“Everyone who thinks is unhappy,” says Sergei Dovlatov in one of his stories. Some crows caw all day, some have nothing to say. I see one of them pace back and forth on my lawn the way I’ve seen Hamlet do on stage. Whatever is bothering him seems insoluble, too much for one crow to figure out on his own. Still, no harm trying, I suppose, even with the racket his relatives are making as they fly to and fro, as if the road they oversee is not covered only with fallen leaves and patches of ice, but also with fresh road kill.
Not so long ago, whenever Brazilian professors were invited to give a lecture at a foreign university, they would be expected to say something about their country’s famously exotic national culture. There was no escaping Brazil’s reputation for samba, football, and beautiful mulatto girls, not to mention capoeira (a martial art), candomblé (a syncretic African religion) and feijoada (a traditional bean stew that has been considered, since the 1930s, the national dish). Today, the old cliché of laid-back, exotic Brazil is increasingly being supplanted by a less naive image, one dominated by violence, favelas, and drug-trafficking. But what is the meaning of this image, and how much grounding does it have in reality?
In the schoolbooks I read as a child in the 1950s and 1960s, Europe was a rosy land of legend. While forging his new republic from the ruins of the Ottoman Empire, which had been crushed and fragmented in World War I, Mustafa Kemal Atatürk fought against the Greek army, but with the support of his own army he later introduced a slew of social and cultural modernization reforms that were not anti- but pro-Western. It was to legitimize these reforms, which helped to strengthen the new Turkish state’s new elites (and were the subject of continuous debate in Turkey over the next eighty years), that we were called upon to embrace and even imitate a rosy-pink—occidentalist—European dream.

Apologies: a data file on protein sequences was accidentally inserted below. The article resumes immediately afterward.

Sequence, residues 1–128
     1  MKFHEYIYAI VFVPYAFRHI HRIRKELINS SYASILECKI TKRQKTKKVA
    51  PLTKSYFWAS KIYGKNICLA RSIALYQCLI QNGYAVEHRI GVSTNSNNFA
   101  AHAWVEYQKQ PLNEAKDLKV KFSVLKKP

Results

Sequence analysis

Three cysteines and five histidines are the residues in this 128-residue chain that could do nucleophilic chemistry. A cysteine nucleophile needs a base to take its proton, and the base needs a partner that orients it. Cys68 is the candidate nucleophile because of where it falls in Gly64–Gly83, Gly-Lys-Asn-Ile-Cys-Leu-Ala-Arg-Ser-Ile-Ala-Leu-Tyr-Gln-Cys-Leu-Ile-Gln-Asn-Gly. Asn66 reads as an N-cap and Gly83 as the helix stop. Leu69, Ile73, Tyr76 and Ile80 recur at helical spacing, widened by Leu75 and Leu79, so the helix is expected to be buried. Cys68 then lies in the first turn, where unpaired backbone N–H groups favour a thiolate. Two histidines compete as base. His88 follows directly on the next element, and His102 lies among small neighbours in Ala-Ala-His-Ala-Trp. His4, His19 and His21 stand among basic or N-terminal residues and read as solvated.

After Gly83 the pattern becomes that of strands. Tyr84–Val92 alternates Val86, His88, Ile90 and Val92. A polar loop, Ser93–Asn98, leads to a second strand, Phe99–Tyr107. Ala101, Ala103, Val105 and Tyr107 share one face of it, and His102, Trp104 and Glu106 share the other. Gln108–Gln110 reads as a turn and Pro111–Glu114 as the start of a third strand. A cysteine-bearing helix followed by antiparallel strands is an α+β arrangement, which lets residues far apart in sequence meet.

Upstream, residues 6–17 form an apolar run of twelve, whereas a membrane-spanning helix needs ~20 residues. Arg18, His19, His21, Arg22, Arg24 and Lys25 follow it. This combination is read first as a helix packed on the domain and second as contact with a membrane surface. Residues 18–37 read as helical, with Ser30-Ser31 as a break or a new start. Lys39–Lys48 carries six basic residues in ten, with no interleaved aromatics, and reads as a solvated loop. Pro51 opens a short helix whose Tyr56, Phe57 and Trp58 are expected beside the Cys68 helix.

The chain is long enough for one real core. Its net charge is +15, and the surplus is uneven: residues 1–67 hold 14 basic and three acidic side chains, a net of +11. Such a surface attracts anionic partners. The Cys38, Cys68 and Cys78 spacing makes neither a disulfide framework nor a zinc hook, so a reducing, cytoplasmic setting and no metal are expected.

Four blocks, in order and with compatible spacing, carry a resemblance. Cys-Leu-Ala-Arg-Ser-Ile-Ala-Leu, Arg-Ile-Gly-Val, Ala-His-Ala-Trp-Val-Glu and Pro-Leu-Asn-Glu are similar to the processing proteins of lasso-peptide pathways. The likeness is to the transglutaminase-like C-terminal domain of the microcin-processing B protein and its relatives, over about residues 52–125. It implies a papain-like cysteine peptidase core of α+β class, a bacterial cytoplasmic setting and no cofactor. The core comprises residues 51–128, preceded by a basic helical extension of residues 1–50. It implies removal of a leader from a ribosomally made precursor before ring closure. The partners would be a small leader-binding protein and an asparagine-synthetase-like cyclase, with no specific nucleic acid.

Lately, Barack Obama doesn’t look like such a bad poker player. Roundly criticized for “negotiating with himself” before the Republicans even got to the table on the tax compromise—and for the Democrats’ abysmal showing in the midterm elections—the president can now claim a head-turning sequence of out-of-nowhere legislative victories: the long-sought repeal of the “don’t ask, don’t tell” law, the approval of the New Start treaty with Russia, and, on Wednesday afternoon, a bill extending health coverage benefits for rescue workers and others who got sick in the 9/11 aftermath. Republicans had invested much time and energy in blocking all of them, and very few Democrats in Washington would have been willing to predict two weeks ago that any of these measures would pass.
Independence Square in Minsk, Belarus’s sad capital, is one of the most terrifying public spaces in Europe. It is nothing but concrete, steel, glass and fearsome horizons—no benches, shelter, or anything for people who might wish to do something so normal as to assemble and speak together. Where anything vertical rises from the ground, it bears a video camera, ensuring that any gathering can be observed by the Belarusian KGB. And yet, when Aleksandr Lukashenko claimed victory by an improbably large absolute majority in the presidential elections on December 19, people came, in the tens of thousands, to protest the official results.